Experts predict rocky road for Rover suppliers

31 May 2000
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01 June 2000 | David Arminas

Suppliers to the Rover plant in Longbridge face hard contract negotiations and draconian measures, automotive industry experts have warned.

The caution comes despite reassurances from Phoenix, Rover's new owner, that the plant, near Birmingham, will produce 200,000 cars a year. The consortium, headed by former Rover boss John Towers, bought the company for a nominal sum of £10 last month.

Phoenix will have to cut production costs in order to make a go of the company, said Peter Cooke, professor of automotive industry management at Nottingham Business School (NBS). "Phoenix has said it will honour existing BMW agreements, but for how long? The strength of the pound is an Achilles heel and there is a huge excess of parts in western Europe," he added.

While the sale to Phoenix is seen as a much-needed boost for the UK car industry, especially now that Ford has announced that its Dagenham plant will cease car production in favour of making engines, this boost may be short lived and Phoenix could scale down production, said Cooke.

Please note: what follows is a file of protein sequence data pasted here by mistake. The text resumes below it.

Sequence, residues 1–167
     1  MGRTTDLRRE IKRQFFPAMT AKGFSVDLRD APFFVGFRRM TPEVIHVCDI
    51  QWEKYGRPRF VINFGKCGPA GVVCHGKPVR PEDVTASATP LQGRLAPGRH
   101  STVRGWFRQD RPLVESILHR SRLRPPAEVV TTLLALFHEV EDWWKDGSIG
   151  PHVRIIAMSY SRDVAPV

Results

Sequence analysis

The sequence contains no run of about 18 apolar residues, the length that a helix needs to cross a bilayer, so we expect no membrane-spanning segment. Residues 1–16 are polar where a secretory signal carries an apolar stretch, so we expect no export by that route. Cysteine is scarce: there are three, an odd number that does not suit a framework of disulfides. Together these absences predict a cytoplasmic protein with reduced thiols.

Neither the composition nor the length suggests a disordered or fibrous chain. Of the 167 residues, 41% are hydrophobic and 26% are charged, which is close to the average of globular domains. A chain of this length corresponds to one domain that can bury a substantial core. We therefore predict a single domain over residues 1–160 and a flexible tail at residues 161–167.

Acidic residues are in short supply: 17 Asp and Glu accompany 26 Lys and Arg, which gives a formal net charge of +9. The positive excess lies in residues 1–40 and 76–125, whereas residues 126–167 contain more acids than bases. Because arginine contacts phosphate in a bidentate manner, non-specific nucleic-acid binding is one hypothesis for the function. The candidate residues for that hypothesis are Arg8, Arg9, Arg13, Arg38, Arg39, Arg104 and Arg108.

Price reductions under BMW doubled Rover's sales for April, with the Rover 25 becoming the UK's best-selling car. Rover's UK market share rose to 13.5 per cent, surpassed only by Ford.

But as Towers has vowed to maintain pricing levels, someone will have to foot the bill for the cuts, according to Professor Garel Rhys, director of the Centre for Automotive Industry Research at Cardiff Business School.

Rover suppliers can expect "draconian measures", he added, and long-term production depends on how well Phoenix can keep costs under control.

An NBS study of Midlands-based suppliers last year found that many still believed that Rover business would continue to come their way, said Cooke.

But Rover suppliers are living on borrowed time, insisted Mike Dodd, managing director of Crossland Cutters, an upholstery service company that does not supply Rover. "Rover has not been competitive enough in looking at its supplier base," he said.

But some suppliers are optimistic. The Phoenix deal is "the best in the circumstances", a spokesperson for Rover supplier Screw and Rivet told SM.


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